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PV Solar Panels

Solar Photovoltaic

Photovoltaic solar panels generate electricity. They have no moving parts, and 90% of them will still be functioning effectively after 30 years. Click here for information on the Feed in Tariff, for which photovoltaic systems are eligible.

There are several different types of photovoltaic panels.

1 - Single-Crystalline PV

These are the oldest type of PV solar panel. They are also the most expensive type per panel. However, they are also the most efficient in terms of electricity generated per unit of surface area of panel (not the most cost-efficient!).

  • Single-crystalline efficiency = 10% to 12%
  • Loss in efficiency over time = 0.25% to 0.5% per annum

2 - Poly-Crystalline PV

Poly-crystalline panels are manufactured out of silicon, as are single-crystalline modules. However, poly-crystalline panels are made using a type of silicone with a different chemical structure, which is slightly cheaper to produce, at a very small loss in efficiency.

  • Poly-crystalline efficiency = 10% to 11%
  • Loss in efficiency over time = 0.25% to 0.5% per annum

3 - String Ribbons

A new technique has recently started being used to create string ribbons solar modules. Whilst they are much cheaper to produce than single-crystalline or poly-crystalline, they are also quite a lot less efficient. This means that in order to generate the same amount of electricity, the typical string ribbon system is 30% larger in terms of surface area.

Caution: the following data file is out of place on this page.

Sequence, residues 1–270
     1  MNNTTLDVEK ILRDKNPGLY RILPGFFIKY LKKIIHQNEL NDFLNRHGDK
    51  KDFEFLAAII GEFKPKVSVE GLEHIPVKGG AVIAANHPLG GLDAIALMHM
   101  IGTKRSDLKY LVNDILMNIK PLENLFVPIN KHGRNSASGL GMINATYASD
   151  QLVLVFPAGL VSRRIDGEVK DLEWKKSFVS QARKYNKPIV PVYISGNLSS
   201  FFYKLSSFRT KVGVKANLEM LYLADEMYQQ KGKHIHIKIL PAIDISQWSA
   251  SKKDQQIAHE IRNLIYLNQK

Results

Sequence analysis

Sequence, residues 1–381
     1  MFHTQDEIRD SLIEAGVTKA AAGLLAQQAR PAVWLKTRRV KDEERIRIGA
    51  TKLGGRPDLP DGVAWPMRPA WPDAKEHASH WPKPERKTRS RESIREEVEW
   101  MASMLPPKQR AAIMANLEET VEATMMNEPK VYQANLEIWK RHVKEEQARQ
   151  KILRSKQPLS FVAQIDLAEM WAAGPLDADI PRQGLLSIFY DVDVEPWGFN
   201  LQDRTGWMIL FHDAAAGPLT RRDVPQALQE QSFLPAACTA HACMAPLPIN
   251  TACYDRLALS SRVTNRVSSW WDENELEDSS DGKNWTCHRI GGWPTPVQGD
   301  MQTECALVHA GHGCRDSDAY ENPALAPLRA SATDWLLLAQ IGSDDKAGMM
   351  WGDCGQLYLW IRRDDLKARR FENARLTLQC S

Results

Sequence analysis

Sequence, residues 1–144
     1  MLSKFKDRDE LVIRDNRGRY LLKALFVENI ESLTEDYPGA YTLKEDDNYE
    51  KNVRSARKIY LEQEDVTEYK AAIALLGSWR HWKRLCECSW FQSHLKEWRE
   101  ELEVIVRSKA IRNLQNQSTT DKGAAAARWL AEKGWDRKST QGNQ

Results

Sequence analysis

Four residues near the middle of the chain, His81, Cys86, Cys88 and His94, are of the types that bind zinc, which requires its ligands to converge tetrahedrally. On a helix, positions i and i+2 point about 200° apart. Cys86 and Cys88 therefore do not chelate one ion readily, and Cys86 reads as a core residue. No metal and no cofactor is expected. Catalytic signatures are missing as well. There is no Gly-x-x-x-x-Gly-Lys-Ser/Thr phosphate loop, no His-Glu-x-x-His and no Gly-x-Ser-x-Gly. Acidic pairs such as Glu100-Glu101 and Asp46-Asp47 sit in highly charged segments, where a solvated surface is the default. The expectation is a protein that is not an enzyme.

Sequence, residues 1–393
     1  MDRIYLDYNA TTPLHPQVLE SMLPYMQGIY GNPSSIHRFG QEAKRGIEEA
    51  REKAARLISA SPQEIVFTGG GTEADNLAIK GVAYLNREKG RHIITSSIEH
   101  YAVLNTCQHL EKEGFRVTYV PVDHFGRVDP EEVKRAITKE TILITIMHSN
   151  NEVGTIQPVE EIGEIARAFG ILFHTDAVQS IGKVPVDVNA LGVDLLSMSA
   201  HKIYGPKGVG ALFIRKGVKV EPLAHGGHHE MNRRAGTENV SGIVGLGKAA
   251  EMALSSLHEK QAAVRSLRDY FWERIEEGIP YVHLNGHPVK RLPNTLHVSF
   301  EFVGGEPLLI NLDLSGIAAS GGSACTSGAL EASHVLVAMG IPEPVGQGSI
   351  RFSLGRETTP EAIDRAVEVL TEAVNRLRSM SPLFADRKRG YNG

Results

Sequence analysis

• String ribbons efficiency = 8% to 9%
  • Loss in efficiency over time = 0.25% to 0.5% per annum

4 - Thin-Film / Amorphous

Whilst mono and poly-crystalline solar panels are manufactured with molded silicone, thin-film solar panels use a thin film of silicone, which is sprayed over their base. The production process to do this, is the cheapest for all types of solar-panel. This is also the newest solar panel technology available, so there is little in the way of research as to average efficiency losses over time. Finally, thin-film solar panels are also the least efficient solar panels, which is admittedly offset by their much lower price. On average, this means that a thin-film solar power system needs to be double the surface area of a mono-crystalline solar panel setup, in order to produce the same amount of electricity.

  • Thin-Film efficiency = 5% to 7%
  • Loss in efficiency over time = possibly 0.5% to 1% per annum, although untested (they're new!)